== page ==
Indeed, India has important political, economic and security stakes in the peace and stability of West Asia. In fact, India is heavily dependent on energy supplies from the Gulf region. Energy imports from the region constituted around 63 per cent of India’s total oil imports in 2012-13. The region is the leading trading partner for India with a total trade of around US$ 200 billion in the same year. There is a realisation that India should start getting involved in the regional security of West Asia by helping create a regional security bulwark which may deter the outside interference in the region. Further, India forms a part of India’s extended neighbourhood. The present political transformation in the region as well as the realisation of India’s rise in stature as an emerging regional power has necessitated a fresh look at this geo-strategically important region. Already, this region accounts for the largest trade volumes for India overtaking India’s trade with China. The six Gulf Cooperation Council (GCC) countries for instance constitute India’s largest socio-economic partner, as manifested by the following facts. Over 50 per cent of flight connections between India and the world are between India and the GCC countries. It is also significant that the remittances from the region are just about equal to what India pays for its oil purchases from the Gulf. Though the economic leg of India-Gulf relationship remains strong the political leg is not as strong and promising as it ought to be. There are number of concerns that demand rethinking and fresh approach by India towards this region. For the small Gulf States, their security is their Number One priority. In exchange for the oil, they shop for their security. These smaller states live in a tense zone next to “the tough and expansionist neighbours.” India is making the mistake like the Western countries of viewing the region through the prism of only “oil” and “gas” while ignoring its rich cultural, diverse and historical relations which has been reduced to mere economic business and remittances issues. But, India is perceived by the regional countries of West Asia as an emerging global power with rising stature. That the countries of the region regard India quite well for overall peace and security is clearly indicated from a paper published by the UAE’s Emirates Centre for Strategic Studies and Research (ECSSR) describing India as “a non-aggressive power.” Hence, in an attempt to address the new challenges which are still unfolding, India needs to revisit its policy towards the strategically important region.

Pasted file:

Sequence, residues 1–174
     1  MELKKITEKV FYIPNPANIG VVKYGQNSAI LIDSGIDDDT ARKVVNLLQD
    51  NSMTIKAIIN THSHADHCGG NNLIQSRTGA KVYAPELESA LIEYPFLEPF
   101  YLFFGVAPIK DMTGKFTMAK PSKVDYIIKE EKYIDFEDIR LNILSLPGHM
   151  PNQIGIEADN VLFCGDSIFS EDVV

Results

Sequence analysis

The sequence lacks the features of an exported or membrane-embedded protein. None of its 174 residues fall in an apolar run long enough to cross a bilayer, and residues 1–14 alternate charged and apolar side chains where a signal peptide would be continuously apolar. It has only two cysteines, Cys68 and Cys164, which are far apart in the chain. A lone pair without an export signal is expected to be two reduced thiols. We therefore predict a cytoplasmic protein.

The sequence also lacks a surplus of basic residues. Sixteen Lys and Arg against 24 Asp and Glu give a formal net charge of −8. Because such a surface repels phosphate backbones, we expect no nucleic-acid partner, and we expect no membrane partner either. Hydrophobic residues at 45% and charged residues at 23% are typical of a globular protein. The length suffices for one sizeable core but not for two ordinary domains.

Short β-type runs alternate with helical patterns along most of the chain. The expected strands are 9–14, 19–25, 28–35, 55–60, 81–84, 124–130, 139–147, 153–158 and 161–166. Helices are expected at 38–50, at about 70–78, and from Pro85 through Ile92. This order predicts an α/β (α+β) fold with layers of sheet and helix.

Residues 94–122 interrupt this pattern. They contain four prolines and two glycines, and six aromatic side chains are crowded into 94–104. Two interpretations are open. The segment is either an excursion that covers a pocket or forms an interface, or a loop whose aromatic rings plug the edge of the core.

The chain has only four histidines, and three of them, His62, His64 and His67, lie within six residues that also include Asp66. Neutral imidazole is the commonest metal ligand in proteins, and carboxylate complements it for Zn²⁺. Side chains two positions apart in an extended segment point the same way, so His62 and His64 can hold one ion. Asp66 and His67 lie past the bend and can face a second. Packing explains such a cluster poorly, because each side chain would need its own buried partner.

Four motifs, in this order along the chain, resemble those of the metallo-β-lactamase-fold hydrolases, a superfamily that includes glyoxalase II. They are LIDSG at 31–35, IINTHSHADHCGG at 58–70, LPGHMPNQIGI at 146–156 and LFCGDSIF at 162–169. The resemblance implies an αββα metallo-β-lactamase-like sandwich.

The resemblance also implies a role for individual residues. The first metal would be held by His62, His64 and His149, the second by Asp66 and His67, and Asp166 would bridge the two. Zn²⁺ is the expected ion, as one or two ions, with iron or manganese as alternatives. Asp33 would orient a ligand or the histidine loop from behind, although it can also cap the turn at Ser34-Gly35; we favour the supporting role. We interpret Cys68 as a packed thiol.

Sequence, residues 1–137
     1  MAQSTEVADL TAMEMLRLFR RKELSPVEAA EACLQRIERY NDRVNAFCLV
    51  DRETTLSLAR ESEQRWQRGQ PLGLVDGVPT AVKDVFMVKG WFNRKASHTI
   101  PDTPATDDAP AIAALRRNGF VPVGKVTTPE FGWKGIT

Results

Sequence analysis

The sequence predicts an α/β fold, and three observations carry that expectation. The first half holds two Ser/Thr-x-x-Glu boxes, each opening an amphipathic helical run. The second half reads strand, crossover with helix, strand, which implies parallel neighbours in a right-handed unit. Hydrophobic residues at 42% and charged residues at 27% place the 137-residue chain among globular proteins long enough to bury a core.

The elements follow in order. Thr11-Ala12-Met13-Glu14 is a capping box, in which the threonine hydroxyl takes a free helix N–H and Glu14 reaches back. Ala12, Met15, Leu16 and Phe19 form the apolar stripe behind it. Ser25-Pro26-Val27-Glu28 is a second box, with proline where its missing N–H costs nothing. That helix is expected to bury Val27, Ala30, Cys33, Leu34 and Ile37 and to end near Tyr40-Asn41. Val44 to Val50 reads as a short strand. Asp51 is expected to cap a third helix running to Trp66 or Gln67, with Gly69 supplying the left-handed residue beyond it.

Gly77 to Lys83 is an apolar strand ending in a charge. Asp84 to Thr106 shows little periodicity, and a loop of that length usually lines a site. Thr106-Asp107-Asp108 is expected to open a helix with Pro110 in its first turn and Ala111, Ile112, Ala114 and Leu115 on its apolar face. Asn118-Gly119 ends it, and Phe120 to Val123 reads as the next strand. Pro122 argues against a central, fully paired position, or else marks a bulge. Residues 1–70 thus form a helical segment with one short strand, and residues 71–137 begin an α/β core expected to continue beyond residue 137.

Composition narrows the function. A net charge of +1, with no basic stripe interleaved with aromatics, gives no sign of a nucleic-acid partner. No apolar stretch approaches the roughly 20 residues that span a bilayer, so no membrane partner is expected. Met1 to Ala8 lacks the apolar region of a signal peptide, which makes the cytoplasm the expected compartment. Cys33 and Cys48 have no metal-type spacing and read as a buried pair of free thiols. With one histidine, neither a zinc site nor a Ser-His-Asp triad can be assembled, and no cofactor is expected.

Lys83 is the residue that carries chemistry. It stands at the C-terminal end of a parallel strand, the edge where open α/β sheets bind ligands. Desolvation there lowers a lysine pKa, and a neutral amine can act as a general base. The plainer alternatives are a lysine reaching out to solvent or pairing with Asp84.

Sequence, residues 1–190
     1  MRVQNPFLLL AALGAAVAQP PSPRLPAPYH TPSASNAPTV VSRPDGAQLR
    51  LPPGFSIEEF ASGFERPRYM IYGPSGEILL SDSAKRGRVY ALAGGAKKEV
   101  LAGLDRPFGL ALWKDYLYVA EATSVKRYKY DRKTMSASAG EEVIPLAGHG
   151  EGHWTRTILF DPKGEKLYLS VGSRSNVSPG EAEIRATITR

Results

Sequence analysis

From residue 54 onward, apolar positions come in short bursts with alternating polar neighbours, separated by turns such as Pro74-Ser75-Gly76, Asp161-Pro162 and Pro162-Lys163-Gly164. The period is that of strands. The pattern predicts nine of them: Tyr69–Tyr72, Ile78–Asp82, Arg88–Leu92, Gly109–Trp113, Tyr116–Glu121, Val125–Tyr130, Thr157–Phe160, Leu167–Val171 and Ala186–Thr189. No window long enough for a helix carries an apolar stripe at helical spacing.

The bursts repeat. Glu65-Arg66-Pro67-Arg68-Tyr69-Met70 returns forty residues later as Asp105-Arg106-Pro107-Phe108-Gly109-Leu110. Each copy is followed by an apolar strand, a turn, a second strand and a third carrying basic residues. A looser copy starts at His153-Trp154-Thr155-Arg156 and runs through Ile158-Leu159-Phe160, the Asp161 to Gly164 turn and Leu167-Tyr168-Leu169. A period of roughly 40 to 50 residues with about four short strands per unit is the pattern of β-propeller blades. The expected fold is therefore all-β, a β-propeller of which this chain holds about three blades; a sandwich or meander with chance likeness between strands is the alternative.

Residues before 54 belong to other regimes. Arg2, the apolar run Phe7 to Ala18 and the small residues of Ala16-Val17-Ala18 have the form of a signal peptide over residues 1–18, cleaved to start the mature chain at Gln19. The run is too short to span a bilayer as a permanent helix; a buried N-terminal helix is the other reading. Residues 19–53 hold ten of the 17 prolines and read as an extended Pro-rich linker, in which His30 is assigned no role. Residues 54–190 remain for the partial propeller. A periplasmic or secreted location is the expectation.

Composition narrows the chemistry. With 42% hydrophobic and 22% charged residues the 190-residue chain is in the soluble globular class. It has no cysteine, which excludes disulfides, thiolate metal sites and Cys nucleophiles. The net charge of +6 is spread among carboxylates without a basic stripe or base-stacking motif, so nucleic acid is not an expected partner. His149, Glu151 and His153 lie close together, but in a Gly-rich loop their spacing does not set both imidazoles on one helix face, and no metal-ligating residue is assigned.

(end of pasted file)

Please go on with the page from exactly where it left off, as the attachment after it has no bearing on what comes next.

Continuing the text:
(Dr. Sudhanshu Tripathi, Associate Professor, Political Science, M. D. P. G. College, Pratapgarh (UP)